AB - Individual foraging specializations, where individuals use a small component of the population niche width, are widespread in nature with important ecological and evolutionary implications. In long-lived animals, foraging ability develops with age, but we know little about the ontogeny of individuality in foraging. Here we use precision global positioning system (GPS) loggers to examine how individual foraging site fidelity (IFSF), a common component of foraging specialization, varies between breeders, failed breeders and immatures in a long-lived marine predator— the northern gannet Morus bassanus. Breeders (aged 5+) showed strong IFSF: they had similar routes and were faithful to distal points during successive trips. However, centrally placed immatures (aged 2–3) were far more exploratory and lacked route or foraging site fidelity. Failed breeders were intermediate: some with strong fidelity, others being more exploratory. Individual foraging specializations were previously thought to arise as a function of heritable phenotypic differences or via social transmission. Our results instead suggest a third alternative—in long-lived species foraging sites are learned during exploratory behaviours early in life, which become canalized with age and experience, and refined where possible— the exploration-refinement foraging hypothesis. We speculate similar patterns may be present in other long-lived species and moreover that long periods of immaturity may be a consequence of such memory-based individual foraging strategies.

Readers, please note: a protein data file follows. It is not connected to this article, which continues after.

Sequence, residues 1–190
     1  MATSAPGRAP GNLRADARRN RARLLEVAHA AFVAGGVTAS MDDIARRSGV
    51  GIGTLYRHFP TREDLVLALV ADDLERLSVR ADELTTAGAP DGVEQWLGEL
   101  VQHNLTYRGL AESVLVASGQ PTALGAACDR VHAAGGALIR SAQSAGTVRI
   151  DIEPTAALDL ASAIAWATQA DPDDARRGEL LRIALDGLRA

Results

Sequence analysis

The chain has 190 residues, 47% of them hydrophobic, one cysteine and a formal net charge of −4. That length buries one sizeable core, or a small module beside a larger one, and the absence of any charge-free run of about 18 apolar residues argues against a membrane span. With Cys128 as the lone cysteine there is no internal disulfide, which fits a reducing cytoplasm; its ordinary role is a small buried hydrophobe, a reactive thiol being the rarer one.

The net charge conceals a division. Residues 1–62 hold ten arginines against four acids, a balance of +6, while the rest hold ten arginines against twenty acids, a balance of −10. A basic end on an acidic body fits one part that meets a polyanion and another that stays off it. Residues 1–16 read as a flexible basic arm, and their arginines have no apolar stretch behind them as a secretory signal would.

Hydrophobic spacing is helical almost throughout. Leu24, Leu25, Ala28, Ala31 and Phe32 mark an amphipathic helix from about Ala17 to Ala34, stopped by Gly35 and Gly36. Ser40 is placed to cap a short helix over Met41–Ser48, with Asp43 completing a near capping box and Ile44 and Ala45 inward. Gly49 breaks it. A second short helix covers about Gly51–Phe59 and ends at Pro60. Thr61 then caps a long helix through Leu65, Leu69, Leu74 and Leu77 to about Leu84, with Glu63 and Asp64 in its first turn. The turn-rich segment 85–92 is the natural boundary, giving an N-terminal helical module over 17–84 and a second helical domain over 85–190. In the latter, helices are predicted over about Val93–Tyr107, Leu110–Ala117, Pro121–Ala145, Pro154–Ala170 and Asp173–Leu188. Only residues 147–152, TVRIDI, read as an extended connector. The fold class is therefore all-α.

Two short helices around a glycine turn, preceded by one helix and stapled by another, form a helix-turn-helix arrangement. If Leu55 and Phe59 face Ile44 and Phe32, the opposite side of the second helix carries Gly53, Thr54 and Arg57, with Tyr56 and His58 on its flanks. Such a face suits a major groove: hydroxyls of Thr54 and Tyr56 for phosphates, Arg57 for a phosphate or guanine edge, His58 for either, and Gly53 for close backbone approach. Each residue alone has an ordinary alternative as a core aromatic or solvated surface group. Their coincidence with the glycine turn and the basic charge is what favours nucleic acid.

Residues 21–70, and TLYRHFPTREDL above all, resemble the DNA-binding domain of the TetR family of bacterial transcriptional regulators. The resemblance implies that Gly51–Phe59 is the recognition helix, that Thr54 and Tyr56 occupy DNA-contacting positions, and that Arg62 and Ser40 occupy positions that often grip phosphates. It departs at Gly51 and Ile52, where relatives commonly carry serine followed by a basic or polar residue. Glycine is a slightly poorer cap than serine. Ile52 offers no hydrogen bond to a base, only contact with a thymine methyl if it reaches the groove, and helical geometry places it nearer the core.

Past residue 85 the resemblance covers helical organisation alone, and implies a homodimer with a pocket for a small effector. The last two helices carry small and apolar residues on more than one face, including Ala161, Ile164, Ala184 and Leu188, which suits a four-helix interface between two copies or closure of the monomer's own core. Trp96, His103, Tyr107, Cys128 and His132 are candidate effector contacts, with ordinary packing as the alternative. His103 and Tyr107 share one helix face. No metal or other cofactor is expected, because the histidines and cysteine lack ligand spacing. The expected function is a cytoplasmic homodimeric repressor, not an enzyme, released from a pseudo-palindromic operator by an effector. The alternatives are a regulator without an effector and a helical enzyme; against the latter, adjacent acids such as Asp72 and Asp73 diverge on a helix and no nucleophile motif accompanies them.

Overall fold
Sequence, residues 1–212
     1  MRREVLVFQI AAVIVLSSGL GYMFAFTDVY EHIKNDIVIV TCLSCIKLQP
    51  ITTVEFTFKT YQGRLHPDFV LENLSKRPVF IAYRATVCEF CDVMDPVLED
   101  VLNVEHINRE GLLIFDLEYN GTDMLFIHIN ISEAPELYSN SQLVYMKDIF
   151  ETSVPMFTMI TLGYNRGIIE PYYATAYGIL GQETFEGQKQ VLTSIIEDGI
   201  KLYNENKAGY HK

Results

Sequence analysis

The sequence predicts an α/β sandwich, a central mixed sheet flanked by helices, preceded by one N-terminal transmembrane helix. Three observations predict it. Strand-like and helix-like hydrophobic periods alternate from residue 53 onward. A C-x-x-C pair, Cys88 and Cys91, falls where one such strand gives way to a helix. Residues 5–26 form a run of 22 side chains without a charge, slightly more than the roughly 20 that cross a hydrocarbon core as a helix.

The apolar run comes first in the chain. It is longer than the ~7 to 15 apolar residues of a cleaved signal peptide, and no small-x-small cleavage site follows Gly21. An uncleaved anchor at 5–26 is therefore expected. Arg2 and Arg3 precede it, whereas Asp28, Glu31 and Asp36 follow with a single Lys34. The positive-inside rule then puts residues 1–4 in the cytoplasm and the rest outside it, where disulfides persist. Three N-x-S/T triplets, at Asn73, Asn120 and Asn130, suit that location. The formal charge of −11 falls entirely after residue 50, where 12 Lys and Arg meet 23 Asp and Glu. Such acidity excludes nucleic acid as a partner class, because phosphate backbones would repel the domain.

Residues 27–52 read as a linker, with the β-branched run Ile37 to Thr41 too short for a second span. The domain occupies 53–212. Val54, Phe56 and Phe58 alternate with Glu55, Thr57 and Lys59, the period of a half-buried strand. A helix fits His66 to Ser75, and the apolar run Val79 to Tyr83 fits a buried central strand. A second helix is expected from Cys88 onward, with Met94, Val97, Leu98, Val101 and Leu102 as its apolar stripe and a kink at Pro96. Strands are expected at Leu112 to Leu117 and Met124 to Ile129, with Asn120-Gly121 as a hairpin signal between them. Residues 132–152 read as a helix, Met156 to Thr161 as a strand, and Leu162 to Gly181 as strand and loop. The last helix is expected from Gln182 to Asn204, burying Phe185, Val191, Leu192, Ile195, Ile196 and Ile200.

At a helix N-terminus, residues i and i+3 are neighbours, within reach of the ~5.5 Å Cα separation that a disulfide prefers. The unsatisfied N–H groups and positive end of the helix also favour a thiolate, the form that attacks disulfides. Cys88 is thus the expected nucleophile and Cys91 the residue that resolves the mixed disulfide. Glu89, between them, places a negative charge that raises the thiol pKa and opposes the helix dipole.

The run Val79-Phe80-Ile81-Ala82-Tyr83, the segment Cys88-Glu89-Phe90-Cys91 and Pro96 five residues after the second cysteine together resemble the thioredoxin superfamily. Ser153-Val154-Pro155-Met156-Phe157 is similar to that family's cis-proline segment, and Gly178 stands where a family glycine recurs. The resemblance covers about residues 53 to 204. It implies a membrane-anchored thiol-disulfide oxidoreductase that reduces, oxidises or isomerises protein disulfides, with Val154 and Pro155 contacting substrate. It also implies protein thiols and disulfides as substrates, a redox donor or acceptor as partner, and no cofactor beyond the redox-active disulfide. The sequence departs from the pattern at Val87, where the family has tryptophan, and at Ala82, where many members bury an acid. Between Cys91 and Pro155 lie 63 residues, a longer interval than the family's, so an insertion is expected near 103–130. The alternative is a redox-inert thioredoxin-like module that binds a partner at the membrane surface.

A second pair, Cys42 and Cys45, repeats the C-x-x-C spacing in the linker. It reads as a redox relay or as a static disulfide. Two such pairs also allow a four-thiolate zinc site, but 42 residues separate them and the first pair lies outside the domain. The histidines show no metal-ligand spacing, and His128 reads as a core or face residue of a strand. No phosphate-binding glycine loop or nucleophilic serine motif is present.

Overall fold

KW - Ecology of individuals

KW - Exploration-refinement foraging hypothesis

KW - Foraging

KW - Foraging specialization

KW - GPS tracking

KW - Seabird

U2 - 10.1098/rspb.2017.1068

DO - 10.1098/rspb.2017.1068

M3 - Article

VL - 284

JO - Proceedings of the Royal Society B: Biological Sciences

T2 - Proceedings of the Royal Society B: Biological Sciences

JF - Proceedings of the Royal Society B: Biological Sciences

SN - 0962-8452

IS - 1859

M1 - 20171068

ER -

Related by author

  1. Individual spatial consistency and dietary flexibility in the migratory behavior of northern gannets wintering in the Northeast Atlantic

    Grecian, W. J., Williams, H. J., Votier, S. C., Bearhop, S., Cleasby, I. R., Grémillet, D., Hamer, K. C., Le Nuz, M., Lescroël, A., Newton, J., Patrick, S. C., Phillips, R. A., Wakefield, E. D. & Bodey, T. W., 12 Jun 2019, In : Frontiers in Ecology and Evolution. 7, 11 p., 214.

    Research output: Contribution to journalArticle

  2. Important at-sea areas of colonial breeding marine predators on the southern Patagonian Shelf

    Baylis, A. M. M., Tierney, M., Orben, R. A., Warwick-Evans, V., Wakefield, E., Grecian, W. J., Trathan, P., Reisinger, R., Ratcliffe, N., Croxall, J., Campioni, L., Catry, P., Crofts, S., Boersma, P. D., Galimberti, F., Granadeiro, J., Handley, J., Hayes, S., Hedd, A., Masello, J. F. & 7 othersMontevecchi, W. A., Pütz, K., Quillfeldt, P., Rebstock, G. A., Sanvito, S., Staniland, I. J. & Brickle, P., 11 Jun 2019, In : Scientific Reports. 9, 13 p., 8517.